• [note during the interview: this answer also became a very long answer without tight structure. A lot of set up, with no logical beginning, middle or end. This specific answer is somewhat more complicated thus requiring more content to get the interviewer to a place where a useful discussion can occur.]
    • FU: That 50ms requirement is very specific, and IMHO a very tight window. Do you think this was appropriate metric? [Customer Obsession]
    • A: I do. The processing of the data and the targeting happened in the background. The perception was near real time. The 50ms came from one customer, and we turned that into an SLA. Our rationale was we were working to reduce time in lane for an end customer.
      • [note: This answer got away from a point which gets made later, which is the right one, that the 50ms became a differentiator in a market full of me-too copy cat features. That's the correct answer here. It mattered to the customer for the reduced risk of lane time expansion, and it was a moat around which the company could base their sales discussion.]
    • FU: Sure, but if you could have doubled it to 100ms, the perception to the end customer would be impossible to detect? Why roll this out as an SLA without much wiggle room for your system? [Customer Obsession]
    • A: Let me clarify a couple of things - for those who didn't request it we didn't update the SLAs when we rolled it out. This was a perf requirement across the system. The way that we pitched retailers for them to sign up for this tech stack we are often responding to an RFP or some set of specific requirements. This was customer driven. In this instance, being able to say that you had a 50ms return time as an SLA was a checkbox item which would be used as comparison to other potential providers. The in-lane performance is incredibly important for winning retail customers. It's something to which a lot of attention is paid.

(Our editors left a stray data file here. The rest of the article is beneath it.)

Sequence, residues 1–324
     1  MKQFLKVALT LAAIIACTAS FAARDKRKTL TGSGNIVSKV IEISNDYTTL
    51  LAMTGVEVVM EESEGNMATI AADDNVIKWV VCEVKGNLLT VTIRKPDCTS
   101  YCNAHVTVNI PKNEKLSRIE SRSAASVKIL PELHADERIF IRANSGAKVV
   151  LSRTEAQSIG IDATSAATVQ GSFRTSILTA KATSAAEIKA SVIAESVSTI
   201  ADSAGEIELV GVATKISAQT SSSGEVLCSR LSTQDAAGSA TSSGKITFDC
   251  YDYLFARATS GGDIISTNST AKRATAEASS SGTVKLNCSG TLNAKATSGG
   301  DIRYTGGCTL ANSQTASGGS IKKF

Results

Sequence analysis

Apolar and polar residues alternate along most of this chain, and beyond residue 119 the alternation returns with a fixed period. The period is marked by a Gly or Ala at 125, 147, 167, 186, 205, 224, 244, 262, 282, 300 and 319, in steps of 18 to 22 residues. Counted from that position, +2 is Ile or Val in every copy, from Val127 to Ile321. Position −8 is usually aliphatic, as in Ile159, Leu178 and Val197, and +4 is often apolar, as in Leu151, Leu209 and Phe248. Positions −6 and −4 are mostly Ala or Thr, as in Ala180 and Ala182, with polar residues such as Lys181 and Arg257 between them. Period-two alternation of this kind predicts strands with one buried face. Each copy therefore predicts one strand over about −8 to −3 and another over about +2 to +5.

• [note: This. This was a great answer. High degree of Customer Obsession, clear understanding of the metrics which matter to the customer (would have been great to share how seconds translate to lost sales or reduced basket sizes if known), and mapping the feature to increased sales team performance.]
    • FU: How did you measure the impact of your broader solution? [Customer Obsession]
    • A: When talking about medium to large size, there are a small number of potential clients, and the terms are long. It doesn't provide a lot of pitch opps. Prior to have this feature we were getting ask backs a low 10s times per year. When we released this, we were in most all conversations and asked back with almost all cases, and winning 60% of the cases. From feedback it was a top 3 reason why we were selected. It's very difficult to replicate and turn into a me-too feature. It was a clear differentiator for us and meaningful in the conversations with customers.
      • [note: there is so much Customer Obsession to love here. The structure needs help, but candidate is a high Customer Obsession leader.]

Candidate Assessment:

Customer Obsession - Little discussion required here save one point. It's easy to love customers in a space a candidate loves. It's another thing entirely to demonstrate Customer Obsession across wildly disparate verticals. The retail grocery business owner/decision maker is very different than the rental property entrepreneur. Regardless, candidate demonstrated with a high degree of excellence that it does not matter who the customer; candidate will know and understand them and build accordingly.


[coming soon]